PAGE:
"Being come to Whitehall the King passed into his bedchamber; and after prayer he bade me bring him some bread and wine, which being brought, the King broke the manchet and ate a mouthful of it, and drank a glassful of claret wine. After that I saw the King no more, for I could not bear to look upon the violence they would offer him upon the scaffold."

Here follows what I heard from Master Farrer:—

"The King seeing that his voice could not reach the people, spake what was in his mind to the gentlemen upon the scaffold, justifying himself for all that he had done, save for consenting to the death of my Lord Strafford, and forgiving his enemies. While he was speaking one of the gentlemen touched the edge of the axe, thereupon the King said, 'Hurt not the axe; that may hurt me.'

"The Bishop asked him that, for the world's satisfaction, he would say something of his affection for religion. The King said, 'I die a Christian according to the profession of the Church of England, as I found it left me by my father.' Then, turning to Colonel Hacker, he said, 'Take care that they do not put me to pain.' Also to a gentleman that came near the axe he said twice, with much earnestness, 'Touch not the axe.' Then, speaking to the executioner, he said, 'I shall say but very short prayers, and after that thrust out my hands.'

"The Bishop said, 'There is but one stage more. This stage is turbulent and troublesome, but you may consider it will carry you a very great way; it will carry you from earth to Heaven.'

"Then the King said, 'I go from a corruptible crown to an incorruptible, where no disturbance can be.'

"Then he took off his cloak and his George, giving his George to the Bishop, and said at the same time, 'Remember!' and this done, laid his head upon the block; and I noted that his eye was as quick and lively as ever I have seen it."

Execution of King Charles I.


Execution of King Charles I.

But what I myself saw and heard may be told in few words. The scaffold had been made against the wall of the Palace of Whitehall, by the banqueting chamber, and the King, coming through one of the windows of this same chamber, stepped upon it. It was hung about with black, and in the midst was a block and an axe, and by the block stood two men that had their faces covered with masks. A great number of soldiers stood about the scaffold, so that the people could not come near it; but the street and the tops of the houses and the windows were filled with such a multitude of people as I should think had scarcely before been gathered together. I could see the King speaking to them that were on the scaffold, and to the man that had the axe, and to the Bishop that stood by his side. After that I could see that he put his hair under his cap, for he had put a night-cap on his head, the headsman and the Bishop helping him. Then he knelt down, and laid his head upon the block. This done, there was silence for the space of about a minute, and the King stretched out his hands. Thereupon the headsman let fall the axe, which with one blow divided the head from the body. Then the other man that was masked took up the head by the hair, and cried out in a loud voice, "This is the head of a traitor!" to which all the people answered with such a dismal groan as was never heard before.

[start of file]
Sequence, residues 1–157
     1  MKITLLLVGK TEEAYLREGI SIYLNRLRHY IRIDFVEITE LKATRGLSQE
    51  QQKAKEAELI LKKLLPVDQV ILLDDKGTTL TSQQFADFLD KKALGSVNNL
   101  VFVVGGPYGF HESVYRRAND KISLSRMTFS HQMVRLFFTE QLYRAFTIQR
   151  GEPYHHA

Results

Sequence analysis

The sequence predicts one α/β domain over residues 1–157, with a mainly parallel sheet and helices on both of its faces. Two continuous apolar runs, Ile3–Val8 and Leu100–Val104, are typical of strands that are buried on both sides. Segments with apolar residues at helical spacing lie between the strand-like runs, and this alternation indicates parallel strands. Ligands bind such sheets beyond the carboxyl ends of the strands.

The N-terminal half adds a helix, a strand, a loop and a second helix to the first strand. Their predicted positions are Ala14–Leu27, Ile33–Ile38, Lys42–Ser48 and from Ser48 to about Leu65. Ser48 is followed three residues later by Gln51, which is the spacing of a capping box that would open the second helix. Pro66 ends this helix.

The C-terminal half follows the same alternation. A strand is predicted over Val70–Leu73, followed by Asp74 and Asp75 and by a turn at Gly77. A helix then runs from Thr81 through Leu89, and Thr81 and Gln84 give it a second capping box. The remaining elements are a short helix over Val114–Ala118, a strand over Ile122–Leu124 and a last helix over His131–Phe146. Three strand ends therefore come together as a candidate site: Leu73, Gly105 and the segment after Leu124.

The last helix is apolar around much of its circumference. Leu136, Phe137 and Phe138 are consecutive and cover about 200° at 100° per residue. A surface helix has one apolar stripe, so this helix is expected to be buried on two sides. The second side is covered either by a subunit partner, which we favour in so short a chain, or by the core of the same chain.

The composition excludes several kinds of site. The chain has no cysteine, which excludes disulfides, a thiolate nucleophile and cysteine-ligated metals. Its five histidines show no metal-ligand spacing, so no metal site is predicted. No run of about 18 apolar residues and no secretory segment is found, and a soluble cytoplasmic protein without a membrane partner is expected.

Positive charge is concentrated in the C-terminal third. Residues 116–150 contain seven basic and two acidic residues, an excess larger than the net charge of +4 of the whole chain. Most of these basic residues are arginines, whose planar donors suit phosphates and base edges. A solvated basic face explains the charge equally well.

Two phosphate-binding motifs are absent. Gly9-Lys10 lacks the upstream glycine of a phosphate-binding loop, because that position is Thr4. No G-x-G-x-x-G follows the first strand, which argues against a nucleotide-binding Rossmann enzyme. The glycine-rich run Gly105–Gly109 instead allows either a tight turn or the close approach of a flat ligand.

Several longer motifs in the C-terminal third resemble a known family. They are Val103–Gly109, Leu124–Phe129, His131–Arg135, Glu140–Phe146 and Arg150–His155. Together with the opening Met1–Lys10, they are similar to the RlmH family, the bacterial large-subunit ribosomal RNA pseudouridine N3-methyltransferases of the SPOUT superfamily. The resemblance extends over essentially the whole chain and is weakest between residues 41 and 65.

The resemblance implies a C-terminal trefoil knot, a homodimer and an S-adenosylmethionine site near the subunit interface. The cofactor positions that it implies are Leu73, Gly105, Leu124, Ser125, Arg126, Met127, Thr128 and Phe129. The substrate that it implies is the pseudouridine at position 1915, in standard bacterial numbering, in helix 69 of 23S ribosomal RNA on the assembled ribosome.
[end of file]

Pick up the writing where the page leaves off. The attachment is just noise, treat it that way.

How we felt, seeing the axe fall upon that sacred head, I shall not seek to write. We stood, as it were, astonished, looking, it may be, for vengeance to fall from Heaven on the city that had suffered such things to be done in its midst. After a while, when the people were now all dispersed, and the soldiers began to look as if they would question them that still tarried, we went very sadly to our lodging, and there debated between ourselves what it were best to do. Our errand in London was now at an end; nor had we the desire to tarry there any longer; and, indeed, so to do had imperilled our lives, or, at the least, our liberty. For it was manifest that they who had slain the King were determined to make an end of the business; and whom, indeed, having done such a deed, were they like to spare? I say not that they used their power with cruelty. 'Tis not so; rather they showed more mercy than could have been reasonably looked for. Yet this was afterwards to be proved; the danger for the present seemed imminent.

On the fourth day of February, therefore, John Ellgood and I departed from London, habited in Roundhead fashion for greater security of travelling. But there was no watch kept on them that would leave London, so we met with none to question us on our road. We travelled on foot, a mode that suited the slenderness of our purses, and also lent itself more readily to secrecy, for a man can hide himself when he cannot hide his horse; and on the third day came to our journey's end.

We found Dorothy and her husband in no little trouble; not yet, indeed, dispossessed but almost daily expecting so to be. At supper, Master Blagrove set forth to us how his affairs stood.